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HPV Dating
HPV and Cervical Cancer
Cervical CancerWhile HPV infection is the leading cause of cervical cancer, in reality it is very rare for HPV infection to progress to cancer with proper treatment. 60 to 80 % of CIN 1 dysplasias resolve on their own, and only about 1% of cases progress to invasive cervical cancer.
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HPV Dating Advice
HPV CLEARANCE Are You dealing with the complex emotions of dating with HPV? We're here to give you the facts and some advice get your dating life back on track!
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How Common is HPV?
HPV STATISTICSStudies suggest as many as 80% of people will aquire genital HPV. Several estimates have placed the lifetime likelihood of exposure to HPV in the range of 75-90% though most will not show symptoms.


What is Cervical Dysplasia?
The term "plasia" means growth. The prefix "Dys" means disordered. Together they form dysplasia which means literally "disordered growth." Cervical Dysplasia means that there is abnormal or disordered cell growth on the cervix.

How is Cervical Dysplasia Diagnosed?
A tiny sample of cells on the cervix is taken during a Pap smear. This sample is then examined by microscope for any irregularities. In mild dysplasia or CIN 1 (cervical intraepithelial neoplasia) only a few cells are abnormal. For CIN 2 classification, or moderate dysplasia, about half of the cells on the skin of the cervix are abnormal. The most serious, but still highly treatable severe dysplasia is categorized as CIN III.

What causes Cervical Dysplasia?
Exposure to HPV, typically through sexual intercourse with an infected partner can lead to cervical dysplasia. Most abnormal cell changes detected by a Pap Smear are classified as "ASCUS" which means "Atypical Squamous Cells of Undetermined Significance". Meaning that cell changes are present but it may or may not be due to HPV infection.

I was diagnosed with CIN 1, mild Dysplasia, Do I need treatment?
This is a decision that should be left to you and your doctor. With mild dysplasia many women choose simply to "watch and wait" as the changes may heal themselves through the natural immune process. Statistically, mild dysplasia is more likely to go away without any treatment than severe dysplasia. Sixty to 80 percent of CIN 1 dysplasias typically resolve on their own, and only about 1 percent progress to invasive cervical cancer.

I was diagnosed with severe dysplasia, Do I have cancer?
Cervical Dysplasia, even severe, should be considered pre-cancerous but not cancer. It is important to realize dysplasia is limited to the "skin" of the cervix, and has not invaded into the underlying tissue. Without treatment however, severe cervical dysplasia is much more likely than CIN 1 dysplasia to develop into cervical cancer. This is a long, slow, process taking 10-20 years for severe dysplasia to progress to invasive cancer. It is extremely uncommon for dysplasia to progress to cancer if it is properly treated and you have regular follow up exams.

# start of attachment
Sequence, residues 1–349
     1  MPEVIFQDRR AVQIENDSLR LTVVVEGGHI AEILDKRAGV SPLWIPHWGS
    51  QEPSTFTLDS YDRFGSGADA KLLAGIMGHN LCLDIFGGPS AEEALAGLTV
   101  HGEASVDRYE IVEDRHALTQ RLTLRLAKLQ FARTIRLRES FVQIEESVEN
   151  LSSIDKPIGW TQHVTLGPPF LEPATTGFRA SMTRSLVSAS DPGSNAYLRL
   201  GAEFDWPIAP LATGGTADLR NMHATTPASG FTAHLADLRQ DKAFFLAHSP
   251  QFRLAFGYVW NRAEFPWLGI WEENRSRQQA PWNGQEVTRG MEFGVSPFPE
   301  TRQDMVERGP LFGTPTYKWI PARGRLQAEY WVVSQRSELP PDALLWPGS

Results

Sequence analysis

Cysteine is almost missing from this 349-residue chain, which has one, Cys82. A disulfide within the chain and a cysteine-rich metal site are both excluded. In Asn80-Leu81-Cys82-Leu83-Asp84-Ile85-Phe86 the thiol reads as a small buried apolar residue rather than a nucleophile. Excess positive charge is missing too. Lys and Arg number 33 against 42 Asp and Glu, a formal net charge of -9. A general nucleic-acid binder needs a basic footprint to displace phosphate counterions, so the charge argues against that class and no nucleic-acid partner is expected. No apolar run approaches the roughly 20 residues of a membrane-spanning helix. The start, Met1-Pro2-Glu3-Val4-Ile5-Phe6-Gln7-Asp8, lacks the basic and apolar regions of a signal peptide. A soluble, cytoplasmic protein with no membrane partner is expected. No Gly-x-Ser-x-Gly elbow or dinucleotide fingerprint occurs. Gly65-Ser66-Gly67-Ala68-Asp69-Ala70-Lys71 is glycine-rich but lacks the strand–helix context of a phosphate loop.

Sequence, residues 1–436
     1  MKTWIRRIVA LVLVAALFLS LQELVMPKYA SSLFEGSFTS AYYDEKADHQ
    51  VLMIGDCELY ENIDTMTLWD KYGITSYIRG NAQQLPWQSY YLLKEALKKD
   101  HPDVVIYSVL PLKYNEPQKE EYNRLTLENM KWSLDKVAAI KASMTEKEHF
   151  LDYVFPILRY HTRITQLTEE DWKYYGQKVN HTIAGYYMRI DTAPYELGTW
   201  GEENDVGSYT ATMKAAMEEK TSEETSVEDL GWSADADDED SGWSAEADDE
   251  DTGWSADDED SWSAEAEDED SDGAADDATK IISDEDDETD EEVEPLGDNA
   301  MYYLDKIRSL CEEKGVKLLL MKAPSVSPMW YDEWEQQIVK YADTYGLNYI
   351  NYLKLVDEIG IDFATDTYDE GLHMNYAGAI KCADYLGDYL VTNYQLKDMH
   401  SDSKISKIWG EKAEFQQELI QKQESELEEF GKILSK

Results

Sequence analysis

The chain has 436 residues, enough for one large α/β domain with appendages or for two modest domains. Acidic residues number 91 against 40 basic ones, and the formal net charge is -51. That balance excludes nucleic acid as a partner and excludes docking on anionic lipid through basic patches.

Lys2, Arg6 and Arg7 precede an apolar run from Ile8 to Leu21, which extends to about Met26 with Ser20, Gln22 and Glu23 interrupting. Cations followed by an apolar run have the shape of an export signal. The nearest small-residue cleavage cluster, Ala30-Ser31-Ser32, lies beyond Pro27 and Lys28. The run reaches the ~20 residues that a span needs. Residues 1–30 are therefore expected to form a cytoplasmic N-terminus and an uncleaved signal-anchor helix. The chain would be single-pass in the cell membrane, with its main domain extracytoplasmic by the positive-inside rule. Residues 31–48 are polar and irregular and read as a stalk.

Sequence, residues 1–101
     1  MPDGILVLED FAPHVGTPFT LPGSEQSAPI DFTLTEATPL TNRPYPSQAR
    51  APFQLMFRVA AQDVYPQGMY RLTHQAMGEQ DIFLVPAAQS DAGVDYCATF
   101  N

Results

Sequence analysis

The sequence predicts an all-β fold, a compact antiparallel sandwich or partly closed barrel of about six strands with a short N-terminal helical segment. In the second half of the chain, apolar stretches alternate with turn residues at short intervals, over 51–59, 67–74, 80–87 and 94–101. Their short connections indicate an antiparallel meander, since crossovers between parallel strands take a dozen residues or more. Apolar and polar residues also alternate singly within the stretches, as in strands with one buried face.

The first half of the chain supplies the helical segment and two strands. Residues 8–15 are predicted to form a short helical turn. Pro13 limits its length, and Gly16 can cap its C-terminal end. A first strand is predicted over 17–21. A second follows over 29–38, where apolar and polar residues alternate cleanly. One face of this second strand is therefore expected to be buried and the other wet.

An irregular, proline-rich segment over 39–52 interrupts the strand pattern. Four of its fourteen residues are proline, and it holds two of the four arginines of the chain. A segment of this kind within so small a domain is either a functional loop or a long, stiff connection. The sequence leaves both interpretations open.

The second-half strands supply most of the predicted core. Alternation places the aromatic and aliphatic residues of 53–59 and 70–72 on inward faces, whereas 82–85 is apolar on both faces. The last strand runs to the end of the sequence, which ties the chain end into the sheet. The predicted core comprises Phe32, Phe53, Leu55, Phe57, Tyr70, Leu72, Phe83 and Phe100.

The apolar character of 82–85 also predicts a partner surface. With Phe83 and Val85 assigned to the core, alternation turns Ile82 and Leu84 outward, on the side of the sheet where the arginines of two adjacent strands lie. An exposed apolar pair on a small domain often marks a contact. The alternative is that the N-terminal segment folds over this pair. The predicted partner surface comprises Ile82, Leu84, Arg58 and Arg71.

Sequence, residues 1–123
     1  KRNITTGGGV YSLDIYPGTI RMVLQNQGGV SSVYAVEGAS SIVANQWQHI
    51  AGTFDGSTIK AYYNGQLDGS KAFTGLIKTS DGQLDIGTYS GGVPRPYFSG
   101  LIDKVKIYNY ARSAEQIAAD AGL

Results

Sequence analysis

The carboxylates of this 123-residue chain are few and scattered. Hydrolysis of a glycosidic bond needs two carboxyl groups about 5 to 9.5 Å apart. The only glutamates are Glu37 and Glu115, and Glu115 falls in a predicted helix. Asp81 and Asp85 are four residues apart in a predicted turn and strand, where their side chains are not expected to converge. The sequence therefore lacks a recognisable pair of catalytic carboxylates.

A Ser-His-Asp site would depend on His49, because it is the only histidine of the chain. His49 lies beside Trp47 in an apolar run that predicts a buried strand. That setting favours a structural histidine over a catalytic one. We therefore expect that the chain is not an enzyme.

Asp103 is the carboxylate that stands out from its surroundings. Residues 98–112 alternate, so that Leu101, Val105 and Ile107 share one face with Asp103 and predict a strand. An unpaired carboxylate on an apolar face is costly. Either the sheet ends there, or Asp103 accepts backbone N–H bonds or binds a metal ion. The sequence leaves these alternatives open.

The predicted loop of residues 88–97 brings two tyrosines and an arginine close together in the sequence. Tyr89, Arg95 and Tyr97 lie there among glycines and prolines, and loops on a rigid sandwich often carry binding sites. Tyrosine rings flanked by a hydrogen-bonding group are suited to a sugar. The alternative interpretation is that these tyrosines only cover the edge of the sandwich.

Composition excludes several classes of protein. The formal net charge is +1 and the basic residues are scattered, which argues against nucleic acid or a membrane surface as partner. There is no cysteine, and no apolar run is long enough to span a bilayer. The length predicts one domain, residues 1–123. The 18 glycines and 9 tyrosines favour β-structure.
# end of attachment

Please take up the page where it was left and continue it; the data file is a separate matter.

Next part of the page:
American Medical Association
Center For Disease Control

HPV Forum Articles
  • Genital Warts Treatment - learn about your options to treat genital warts, both at the Doctor and in the privacy of your own home
  • HPV and Dating - tips and advice on getting out and dating again after HPV diagnosis. Find someone new today!
  • HPV Video Content - Watch videos from experts in the field of HPV and cervical cancer
  • Pictures of Genital Warts - view images of genital warts from around the web taken by clinicians
  • HPV Questions and Answers - Is there a cure for HPV? Will HPV cause cancer? Find Answers about HPV and ask questions.
  • HPV Vaccine - what it does, when to expect it, and clinical trials being done on an HPV Vaccine from Merck & Co.
  • Cervical Dysplasia - what you need to know about Cervical Dysplasia and its role in cervical cancer development
  • HPV Clearance - According to studies up to 90% of those infected with HPV clear the virus from their body within 8-24 months.
  • How To Tell Your Partner About HPV Cervical Changes - a guide to telling your partner about abnormal pap smear results
  • How To Tell Your Partner About Genital Warts - a guide to telling your partner about genital warts diagnosis
  • How To Tell A New Partner About HPV - learn the facts about HPV first, then use this script
  • Why Tell A New Partner About HPV - with HPV being so common, and often times transient why do you need to disclose?
  • HPV and Condoms: The Great Debate - should we teach abstinence only education? Is HPV infection deadly?
  • HPV Primer - Information about HPV, Genital Warts, Pap Smears and more for those who need to know
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